There is a fine line in monitoring an employee’s behavior outside of the office and managers must be careful when treading it. Of course it is a manager’s job to monitor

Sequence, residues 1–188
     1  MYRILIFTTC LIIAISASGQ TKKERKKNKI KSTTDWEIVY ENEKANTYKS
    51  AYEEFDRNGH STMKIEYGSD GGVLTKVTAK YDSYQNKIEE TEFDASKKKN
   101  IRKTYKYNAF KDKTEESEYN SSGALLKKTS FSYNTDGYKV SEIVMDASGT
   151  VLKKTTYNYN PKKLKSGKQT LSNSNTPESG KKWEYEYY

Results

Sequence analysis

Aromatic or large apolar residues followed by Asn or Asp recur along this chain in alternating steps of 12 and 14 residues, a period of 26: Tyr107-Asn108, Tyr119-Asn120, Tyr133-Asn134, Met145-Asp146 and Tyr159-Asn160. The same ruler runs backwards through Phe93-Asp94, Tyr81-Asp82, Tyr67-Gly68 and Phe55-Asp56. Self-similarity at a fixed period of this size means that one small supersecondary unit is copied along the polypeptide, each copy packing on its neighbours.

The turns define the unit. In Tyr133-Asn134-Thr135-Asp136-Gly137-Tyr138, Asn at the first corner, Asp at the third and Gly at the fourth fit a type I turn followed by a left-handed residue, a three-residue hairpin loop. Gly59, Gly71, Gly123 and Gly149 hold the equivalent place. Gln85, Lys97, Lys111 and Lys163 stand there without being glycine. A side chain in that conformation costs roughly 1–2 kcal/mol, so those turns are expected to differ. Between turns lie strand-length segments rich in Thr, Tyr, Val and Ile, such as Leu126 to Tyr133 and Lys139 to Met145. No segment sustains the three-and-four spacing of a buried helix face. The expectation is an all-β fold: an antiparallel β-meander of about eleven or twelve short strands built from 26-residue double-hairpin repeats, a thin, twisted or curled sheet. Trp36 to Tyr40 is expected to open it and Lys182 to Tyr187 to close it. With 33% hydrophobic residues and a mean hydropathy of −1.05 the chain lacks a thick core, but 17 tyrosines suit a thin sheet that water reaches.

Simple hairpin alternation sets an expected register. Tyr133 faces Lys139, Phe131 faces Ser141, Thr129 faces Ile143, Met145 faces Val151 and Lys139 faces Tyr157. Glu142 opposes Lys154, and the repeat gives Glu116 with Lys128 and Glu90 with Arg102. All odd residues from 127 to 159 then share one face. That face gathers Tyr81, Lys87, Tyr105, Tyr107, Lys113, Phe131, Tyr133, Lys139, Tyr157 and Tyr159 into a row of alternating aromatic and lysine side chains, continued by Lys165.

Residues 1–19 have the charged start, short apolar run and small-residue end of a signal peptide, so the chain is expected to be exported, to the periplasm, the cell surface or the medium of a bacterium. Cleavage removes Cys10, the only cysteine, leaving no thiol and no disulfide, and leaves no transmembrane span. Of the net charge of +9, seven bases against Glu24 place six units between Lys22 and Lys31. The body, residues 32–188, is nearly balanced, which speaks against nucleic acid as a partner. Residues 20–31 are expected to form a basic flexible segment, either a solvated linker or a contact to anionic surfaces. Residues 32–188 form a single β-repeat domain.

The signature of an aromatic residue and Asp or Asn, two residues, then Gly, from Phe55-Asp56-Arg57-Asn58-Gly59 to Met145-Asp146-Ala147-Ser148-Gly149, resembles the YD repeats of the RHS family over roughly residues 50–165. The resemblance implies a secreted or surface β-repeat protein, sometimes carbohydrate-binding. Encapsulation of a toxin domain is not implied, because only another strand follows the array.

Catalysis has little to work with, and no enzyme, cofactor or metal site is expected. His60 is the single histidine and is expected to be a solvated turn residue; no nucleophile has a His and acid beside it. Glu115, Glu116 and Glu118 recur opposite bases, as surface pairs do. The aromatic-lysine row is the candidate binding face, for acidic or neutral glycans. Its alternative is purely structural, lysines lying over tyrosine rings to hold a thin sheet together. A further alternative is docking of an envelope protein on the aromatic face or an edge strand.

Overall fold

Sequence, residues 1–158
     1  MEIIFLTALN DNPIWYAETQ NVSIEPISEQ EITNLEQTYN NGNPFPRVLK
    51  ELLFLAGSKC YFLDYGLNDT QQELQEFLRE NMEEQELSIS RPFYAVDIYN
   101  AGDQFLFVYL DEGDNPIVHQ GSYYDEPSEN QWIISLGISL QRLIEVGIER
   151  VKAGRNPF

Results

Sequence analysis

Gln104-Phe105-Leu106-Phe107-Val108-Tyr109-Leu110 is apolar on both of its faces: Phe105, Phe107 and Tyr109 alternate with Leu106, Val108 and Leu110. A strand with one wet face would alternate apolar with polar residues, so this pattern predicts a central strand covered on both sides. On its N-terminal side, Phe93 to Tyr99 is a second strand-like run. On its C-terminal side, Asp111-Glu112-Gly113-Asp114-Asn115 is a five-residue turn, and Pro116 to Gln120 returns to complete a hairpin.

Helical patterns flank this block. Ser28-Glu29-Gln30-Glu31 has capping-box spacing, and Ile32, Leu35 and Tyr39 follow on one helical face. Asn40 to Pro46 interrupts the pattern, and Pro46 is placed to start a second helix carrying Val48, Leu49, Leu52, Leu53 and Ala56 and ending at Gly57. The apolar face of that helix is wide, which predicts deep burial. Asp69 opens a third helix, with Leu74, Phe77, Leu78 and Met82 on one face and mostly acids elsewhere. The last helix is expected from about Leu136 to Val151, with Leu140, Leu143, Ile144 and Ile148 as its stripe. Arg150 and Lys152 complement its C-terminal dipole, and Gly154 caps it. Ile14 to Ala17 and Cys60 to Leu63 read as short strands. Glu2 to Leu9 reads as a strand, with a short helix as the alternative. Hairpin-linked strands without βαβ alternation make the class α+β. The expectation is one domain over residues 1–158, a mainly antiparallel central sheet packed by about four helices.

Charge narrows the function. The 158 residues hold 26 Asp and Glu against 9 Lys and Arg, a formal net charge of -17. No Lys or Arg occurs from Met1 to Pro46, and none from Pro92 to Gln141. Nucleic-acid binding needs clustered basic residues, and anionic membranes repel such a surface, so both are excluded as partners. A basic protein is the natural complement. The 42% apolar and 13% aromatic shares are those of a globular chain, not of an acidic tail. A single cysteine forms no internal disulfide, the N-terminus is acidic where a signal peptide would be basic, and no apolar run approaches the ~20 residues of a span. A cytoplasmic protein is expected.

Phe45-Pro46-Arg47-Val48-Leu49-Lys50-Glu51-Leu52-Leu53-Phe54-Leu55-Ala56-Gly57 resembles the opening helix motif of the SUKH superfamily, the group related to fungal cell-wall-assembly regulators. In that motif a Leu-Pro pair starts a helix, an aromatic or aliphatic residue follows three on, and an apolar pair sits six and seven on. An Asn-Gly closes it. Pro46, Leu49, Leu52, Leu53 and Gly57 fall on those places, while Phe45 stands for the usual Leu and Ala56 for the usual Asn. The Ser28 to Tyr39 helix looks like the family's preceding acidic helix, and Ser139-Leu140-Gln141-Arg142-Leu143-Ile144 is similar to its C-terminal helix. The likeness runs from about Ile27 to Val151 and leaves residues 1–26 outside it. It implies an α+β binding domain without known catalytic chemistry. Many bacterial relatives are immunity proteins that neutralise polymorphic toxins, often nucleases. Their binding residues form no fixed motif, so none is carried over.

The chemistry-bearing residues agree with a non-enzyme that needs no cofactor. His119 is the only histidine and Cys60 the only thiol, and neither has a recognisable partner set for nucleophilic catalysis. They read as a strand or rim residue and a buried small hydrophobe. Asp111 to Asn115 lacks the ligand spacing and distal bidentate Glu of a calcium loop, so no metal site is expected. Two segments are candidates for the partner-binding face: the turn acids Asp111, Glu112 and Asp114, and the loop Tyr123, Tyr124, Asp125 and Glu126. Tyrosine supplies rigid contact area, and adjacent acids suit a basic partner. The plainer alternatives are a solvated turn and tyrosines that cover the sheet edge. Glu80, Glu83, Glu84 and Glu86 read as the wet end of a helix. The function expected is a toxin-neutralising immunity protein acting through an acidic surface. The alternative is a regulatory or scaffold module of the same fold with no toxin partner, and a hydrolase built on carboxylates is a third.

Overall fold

one’s behavior when at work, but at what point should the monitoring cease? Everyone has a right to their own privacy. Constructs are in place to ensure patient privacy through HIPAA and tampering with somebody’s mail is a federal offense. That being said, our world is ever-changing and with the increase of social media, our private thoughts are becoming less so, as we now have a multitude of channels to express ourselves publicly. Depending on the job itself, people may have a responsibility to hold themselves in a certain manner. Politicians and those who work for them, for example, are expected to look, act and speak a certain way. Stepping out of line may cause the public to alter their opinions about them or the party they align with and this can spark a conversation with their opponents. Lucky for most of us, we are not politicians. We are, however, representing the organizations and practices we work for on and off the clock. It just takes one viral video of you on a tirade to launch a national petition to get you fired. granted, most of the time this is for extreme cases, but in such a polarized society, anyone can find reason to complain about seemingly benign behavior. The key for management is to figure out where exactly the line of inacceptable behavior begins. This can prove difficult, as the line is more of a spectrum and is can be difficult to define. certain things, like blatant racism, sexism and violence on social media are easy to recognize and take action against, but what about subtle hints of this behavior, like liking an offensive Facebook post or tweet? Disciplining someone for something they’ve said online can turn around and stir a lawsuit, citing an infringement of free speech. At our jobs, we may be encouraged to fit a cookie cutter mold of a model employee, but outside of work we are human. We do stupid things and say stupid things. To err is human. Employers should be upfront with their behavior monitoring policies and have– in writing– their policy on social media. To avoid civil suits employers should be as black and white as possible about their disciplinary and termination policies involving behaviors outside of work in this arena. Equally important, employees should have the common sense to not do or say hateful things. Being negative only hurts yourself. If you cannot be a respectful team player outside of work, how can anyone expect you to be on the job? Be a good person in and outside of work. It really isn’t that difficult.